Most of the policy discussion about stimulating innovation has focused on the federal level. This study focuses on the significant activity at the state level, with the goal of improving the public’s understanding of key policy strategies and exemplary practices. Based on a series of workshops and conferences that brought together policymakers along with leaders of industry and academia in a select number of states, the study highlights a rich variety of policy initiatives underway at the state and regional level to foster knowledge based growth and employment. Perhaps what distinguishes this effort at the state level is most of all the high degree of pragmatism. Operating out of necessity, innovation policies at the state level often involve taking advantage of existing resources and recombining them in new ways, forging innovative partnerships among universities, industry and government organizations, growing the skill base, and investing in the infrastructure to develop new technologies and new industries. Many of these initiatives are being guided by leaders from the private sector and universities.
The objective of the study is not to do an empirical review of the inputs and outputs of various state programs. Nor is it to evaluate which programs are superior. Indeed, some of the notable successes, such as the Albany nanotechnology cluster, represent a leap of leadership, investment, and sustained commitment that has had remarkable results in an industry that is actively pursued by many countries. The study’s goal is to illustrate the approaches taken by a variety of highly diverse states as they confront the increasing challenges of global competition for the industries and jobs of today and tomorrow.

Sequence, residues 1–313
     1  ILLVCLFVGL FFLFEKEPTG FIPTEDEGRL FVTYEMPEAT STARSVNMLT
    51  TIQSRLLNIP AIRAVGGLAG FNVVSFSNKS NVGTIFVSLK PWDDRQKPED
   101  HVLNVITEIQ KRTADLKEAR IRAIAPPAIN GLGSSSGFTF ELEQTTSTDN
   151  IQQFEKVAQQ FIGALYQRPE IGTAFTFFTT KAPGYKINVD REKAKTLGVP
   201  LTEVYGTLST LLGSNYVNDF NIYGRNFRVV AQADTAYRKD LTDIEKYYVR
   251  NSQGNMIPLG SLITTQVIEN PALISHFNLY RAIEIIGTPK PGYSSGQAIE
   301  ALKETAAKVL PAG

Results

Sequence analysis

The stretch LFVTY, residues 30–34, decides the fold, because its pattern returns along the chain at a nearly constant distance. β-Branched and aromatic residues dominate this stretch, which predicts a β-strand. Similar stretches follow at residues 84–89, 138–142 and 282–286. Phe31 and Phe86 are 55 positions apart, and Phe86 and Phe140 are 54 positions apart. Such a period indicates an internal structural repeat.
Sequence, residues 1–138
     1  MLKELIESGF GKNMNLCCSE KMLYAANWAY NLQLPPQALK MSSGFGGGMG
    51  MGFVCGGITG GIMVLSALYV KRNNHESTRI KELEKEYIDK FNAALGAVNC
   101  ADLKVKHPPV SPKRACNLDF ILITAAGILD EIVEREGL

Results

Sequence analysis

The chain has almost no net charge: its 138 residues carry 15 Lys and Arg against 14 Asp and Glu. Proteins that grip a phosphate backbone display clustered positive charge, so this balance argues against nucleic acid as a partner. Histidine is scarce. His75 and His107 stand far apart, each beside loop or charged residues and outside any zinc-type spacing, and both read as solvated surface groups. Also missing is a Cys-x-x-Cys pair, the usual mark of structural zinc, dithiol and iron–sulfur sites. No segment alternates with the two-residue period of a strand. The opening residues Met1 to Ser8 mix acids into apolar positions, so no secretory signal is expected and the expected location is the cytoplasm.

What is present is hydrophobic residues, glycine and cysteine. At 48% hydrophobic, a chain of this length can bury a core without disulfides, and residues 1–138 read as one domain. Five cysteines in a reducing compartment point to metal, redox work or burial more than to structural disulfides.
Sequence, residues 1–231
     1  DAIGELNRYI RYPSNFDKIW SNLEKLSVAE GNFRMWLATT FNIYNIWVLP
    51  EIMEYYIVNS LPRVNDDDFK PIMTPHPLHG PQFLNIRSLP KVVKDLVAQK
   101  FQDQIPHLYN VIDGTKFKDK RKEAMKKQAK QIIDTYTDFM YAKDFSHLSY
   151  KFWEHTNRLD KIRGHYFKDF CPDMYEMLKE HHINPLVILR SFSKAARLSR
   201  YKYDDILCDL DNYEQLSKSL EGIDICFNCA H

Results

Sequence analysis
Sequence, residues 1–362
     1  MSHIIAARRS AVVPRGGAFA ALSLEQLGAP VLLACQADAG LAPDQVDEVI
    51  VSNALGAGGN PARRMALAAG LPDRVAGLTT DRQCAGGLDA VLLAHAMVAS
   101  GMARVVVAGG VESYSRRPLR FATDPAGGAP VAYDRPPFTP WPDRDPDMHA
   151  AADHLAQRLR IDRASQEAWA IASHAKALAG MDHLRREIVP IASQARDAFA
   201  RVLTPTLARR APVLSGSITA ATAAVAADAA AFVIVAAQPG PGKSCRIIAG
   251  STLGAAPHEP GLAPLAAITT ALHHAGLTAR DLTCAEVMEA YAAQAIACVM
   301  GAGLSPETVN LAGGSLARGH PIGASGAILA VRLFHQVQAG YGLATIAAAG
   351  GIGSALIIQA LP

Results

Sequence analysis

This study was supported by: Contract/Grant No. DE-DT0000236, TO #28 (base award DE-AM01-04PI45013), between the National Academy of Sciences and the Department of Energy; and Contract/Grant No. N01-OD-4-2139, TO #250 between the National Academy of Sciences and the National Institutes of Health. This report was prepared by the National Academy of Sciences under award number SB134106Z0011, TO# 4 (68059), from the U.S. Department of Commerce, National Institute of Standards and Technology (NIST). This report was prepared by the National Academy of Sciences under award number 99-06-07543-02 from the Economic Development Administration, U.S. Department of Commerce.
The statements, findings, conclusions, and recommendations are those of the author(s) and do not necessarily reflect the views of the National Institute of Standards and Technology, the Economic Development Administration, or the U.S. Department of Commerce.
NOTICE: The project that is the subject of this report was approved by the Governing Board of the National Research Council, whose members are drawn from the councils of the National Academy of Sciences, the National Academy of Engineering, and the Institute of Medicine. The members of the committee responsible for the report were chosen for their special competences and with regard for appropriate balance.
© 2013, National Academy of Sciences.